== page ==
The transportation sector accounted for around 27% of total greenhouse gas emissions in the U.S. in 2013, according to figures from the EPA. One of the major factors contributing to that is the energy-intensive logistics industry, moving freight from one place to another. Now a host of new startups are attempting to make the process more efficient, increasing profits and helping to lower emissions.
One of the major players in this space is Cargomatic. The L.A.-based company is sometimes referred to as ‘Uber for truckers’, and its platform allow shippers to list jobs for truckers in the area. The truckers with spare capacity can then accept those jobs.
This approach can drastically reduce the wasted capacity in a truck, which ultimately benefits the environment. “If you go from a 20% utilization to a 60% or 70% utilization then you have less trucks on the road moving the same amount of freight,” says Cargomatic co-founder and CEO Jonathan Kessler. “We also want to give the right truck the most efficient move at the right time.”
When Kessler started the company the environmental effect was very much at the forefront of his mind. “From the very beginning there were two concepts that inspired us to start the company and one of them was the environmental impact and the other was the social impact. It’s been really inspiring to work on this project,” he explains.
Cargomatic was launched in 2014 and in January raised $8 million in funding from the likes of Canaan Partners and Volvo Group Venture. The startup is a perfect example of using existing technology to reduce emissions, without forcing huge costs on shipping companies. In fact, truckers have the opportunity to make more money, and shippers save cash through an increase in efficiency.
Other innovations in the logistics industry require more investment, but could pay dividends in the long run. In May it was announced that Nevada had cleared self-driving trucks to be tested on public roads. The same month Daimler unveiled its ‘Inspiration Truck’ an 18-wheeled self-driving truck licensed to run on U.S. roads. The truck requires a driver to be present as it cannot complete all maneuvers itself, but if the driver does not respond it will pull safely over to the side of the road. This technology also has the potential to make truck driving more fuel efficient.
“Autonomous trucks are expected to drive future OEM focus and usher in a new era in the trucking industry. This change will come from consumers demanding advanced technologies to help reduce operating cost, improve fuel efficiency, resolve regulatory compliance issues, enhance resource productivity, increase asset connectivity, and enhance fleet safety,” says Frost & Sullivan Automotive & Transportation Senior Industry Analyst Wallace Lau.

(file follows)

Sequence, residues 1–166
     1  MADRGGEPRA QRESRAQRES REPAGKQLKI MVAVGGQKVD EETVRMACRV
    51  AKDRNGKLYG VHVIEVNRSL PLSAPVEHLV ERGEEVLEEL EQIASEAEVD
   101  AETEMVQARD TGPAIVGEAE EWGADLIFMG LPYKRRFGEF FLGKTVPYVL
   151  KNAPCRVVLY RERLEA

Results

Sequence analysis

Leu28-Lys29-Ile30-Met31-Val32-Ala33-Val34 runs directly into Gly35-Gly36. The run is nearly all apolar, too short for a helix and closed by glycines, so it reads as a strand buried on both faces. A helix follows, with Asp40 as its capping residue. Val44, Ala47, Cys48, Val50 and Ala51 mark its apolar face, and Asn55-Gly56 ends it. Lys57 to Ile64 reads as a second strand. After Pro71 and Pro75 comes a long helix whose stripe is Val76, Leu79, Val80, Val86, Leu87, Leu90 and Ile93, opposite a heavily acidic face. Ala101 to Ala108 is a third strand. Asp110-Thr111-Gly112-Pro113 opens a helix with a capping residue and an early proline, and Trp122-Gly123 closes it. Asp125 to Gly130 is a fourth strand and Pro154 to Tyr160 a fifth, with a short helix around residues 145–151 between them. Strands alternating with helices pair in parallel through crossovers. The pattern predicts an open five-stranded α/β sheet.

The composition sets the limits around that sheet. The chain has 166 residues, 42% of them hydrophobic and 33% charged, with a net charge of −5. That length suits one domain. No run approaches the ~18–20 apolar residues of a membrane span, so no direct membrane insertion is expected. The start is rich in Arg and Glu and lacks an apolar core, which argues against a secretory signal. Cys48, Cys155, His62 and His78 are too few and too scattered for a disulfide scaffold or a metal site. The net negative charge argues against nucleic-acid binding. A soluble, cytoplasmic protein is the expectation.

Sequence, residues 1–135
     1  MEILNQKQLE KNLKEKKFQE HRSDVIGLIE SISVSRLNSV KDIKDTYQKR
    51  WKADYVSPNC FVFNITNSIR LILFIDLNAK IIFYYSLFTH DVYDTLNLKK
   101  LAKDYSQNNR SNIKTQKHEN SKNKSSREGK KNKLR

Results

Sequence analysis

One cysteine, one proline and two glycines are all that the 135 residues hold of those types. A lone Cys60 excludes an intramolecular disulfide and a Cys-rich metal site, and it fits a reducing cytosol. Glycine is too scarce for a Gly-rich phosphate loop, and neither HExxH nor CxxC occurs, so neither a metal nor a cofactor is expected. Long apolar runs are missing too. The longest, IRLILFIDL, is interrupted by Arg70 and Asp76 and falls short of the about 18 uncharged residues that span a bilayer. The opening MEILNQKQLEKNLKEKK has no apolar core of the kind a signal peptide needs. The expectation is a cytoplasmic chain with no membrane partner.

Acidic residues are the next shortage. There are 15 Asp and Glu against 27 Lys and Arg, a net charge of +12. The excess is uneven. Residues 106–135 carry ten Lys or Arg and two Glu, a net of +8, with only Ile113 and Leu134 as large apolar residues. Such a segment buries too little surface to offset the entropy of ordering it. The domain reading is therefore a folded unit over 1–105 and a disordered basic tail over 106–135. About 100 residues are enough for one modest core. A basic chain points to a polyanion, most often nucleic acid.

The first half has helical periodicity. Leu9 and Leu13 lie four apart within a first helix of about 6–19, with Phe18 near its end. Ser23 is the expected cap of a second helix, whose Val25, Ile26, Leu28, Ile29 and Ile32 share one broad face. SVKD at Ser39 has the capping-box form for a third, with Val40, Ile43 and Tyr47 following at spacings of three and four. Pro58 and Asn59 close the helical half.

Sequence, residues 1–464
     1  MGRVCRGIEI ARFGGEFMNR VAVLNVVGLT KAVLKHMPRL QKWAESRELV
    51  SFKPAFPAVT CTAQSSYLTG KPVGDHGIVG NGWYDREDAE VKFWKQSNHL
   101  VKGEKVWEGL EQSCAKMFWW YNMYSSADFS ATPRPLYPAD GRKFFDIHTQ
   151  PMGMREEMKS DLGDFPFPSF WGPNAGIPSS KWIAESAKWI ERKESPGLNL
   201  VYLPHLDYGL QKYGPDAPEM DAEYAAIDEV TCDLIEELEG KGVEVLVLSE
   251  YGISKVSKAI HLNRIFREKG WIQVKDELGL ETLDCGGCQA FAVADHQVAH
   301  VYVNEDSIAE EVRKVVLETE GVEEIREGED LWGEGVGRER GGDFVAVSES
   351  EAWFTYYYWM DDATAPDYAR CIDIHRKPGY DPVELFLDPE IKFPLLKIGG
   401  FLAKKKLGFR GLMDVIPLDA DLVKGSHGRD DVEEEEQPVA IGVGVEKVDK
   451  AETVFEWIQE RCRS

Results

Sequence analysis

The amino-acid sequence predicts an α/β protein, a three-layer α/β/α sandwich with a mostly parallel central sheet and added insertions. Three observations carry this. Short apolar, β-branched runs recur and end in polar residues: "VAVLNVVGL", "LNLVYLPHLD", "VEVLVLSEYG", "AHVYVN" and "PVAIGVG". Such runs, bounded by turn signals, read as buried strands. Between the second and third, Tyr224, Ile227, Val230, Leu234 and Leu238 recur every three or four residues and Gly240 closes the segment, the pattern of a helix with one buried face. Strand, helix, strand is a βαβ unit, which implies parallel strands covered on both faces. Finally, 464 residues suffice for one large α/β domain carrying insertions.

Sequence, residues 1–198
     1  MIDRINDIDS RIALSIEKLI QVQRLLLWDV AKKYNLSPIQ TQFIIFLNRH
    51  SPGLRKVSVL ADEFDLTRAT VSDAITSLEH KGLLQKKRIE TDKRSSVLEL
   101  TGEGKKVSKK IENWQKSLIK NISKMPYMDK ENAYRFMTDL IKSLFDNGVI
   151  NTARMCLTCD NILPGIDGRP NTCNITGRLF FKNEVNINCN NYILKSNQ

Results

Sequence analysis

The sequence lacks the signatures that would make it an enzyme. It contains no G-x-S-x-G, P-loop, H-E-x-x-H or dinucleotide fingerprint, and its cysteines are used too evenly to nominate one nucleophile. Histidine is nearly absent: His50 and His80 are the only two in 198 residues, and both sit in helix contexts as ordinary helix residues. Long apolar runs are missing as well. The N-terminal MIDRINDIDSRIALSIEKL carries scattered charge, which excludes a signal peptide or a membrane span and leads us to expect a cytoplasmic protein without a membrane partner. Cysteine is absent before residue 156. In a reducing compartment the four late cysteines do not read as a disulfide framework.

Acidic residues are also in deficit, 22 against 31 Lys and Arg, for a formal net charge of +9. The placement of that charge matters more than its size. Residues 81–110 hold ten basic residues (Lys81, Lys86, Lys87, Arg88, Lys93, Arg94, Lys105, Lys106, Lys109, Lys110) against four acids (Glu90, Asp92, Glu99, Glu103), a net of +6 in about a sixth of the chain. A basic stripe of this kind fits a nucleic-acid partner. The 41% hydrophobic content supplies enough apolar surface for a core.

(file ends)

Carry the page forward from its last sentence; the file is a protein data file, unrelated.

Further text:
However, some experts have expressed concerns over the potential human impact of autonomous truck fleets. There are millions of truck drivers employed in the U.S., and they will be a lot more enthusiastic about startups such as Cargomatic which try and increase their revenue, rather than self-driving trucks which would ultimately leave them unemployed.
Enterprise logistics platforms such as Shipwire and Cloud Fulfillment also help to increase the efficiency of logistics, which in turn can help the environment. On the ambitious end of the scale, are companies such as Matternet, which offers a drone-delivery system. The startup has tested its drones in Haiti, delivering medical supplies to areas which are difficult to access, and has recently agreed to test delivering mail in Switzerland with Swiss postal service. The company’s Matternet ONE drone can transport items weighing up to 1 kilogram (2.2 pounds) over about 12 miles with one charge.
There are many exciting developments in the logistics industry which could greatly minimize the greenhouse gas emissions the sector produces, and they largely can be divided into two categories. On the one hand there are the moonshot projects with long development times and in some cases uncertain outcomes, and there are the companies using existing tech to make a difference today. The distant future of the industry may involve cleaner vehicles, airborne deliveries and autonomous trucks, but for now the bump in efficiency offered by companies such as Cargomatic are more than welcome.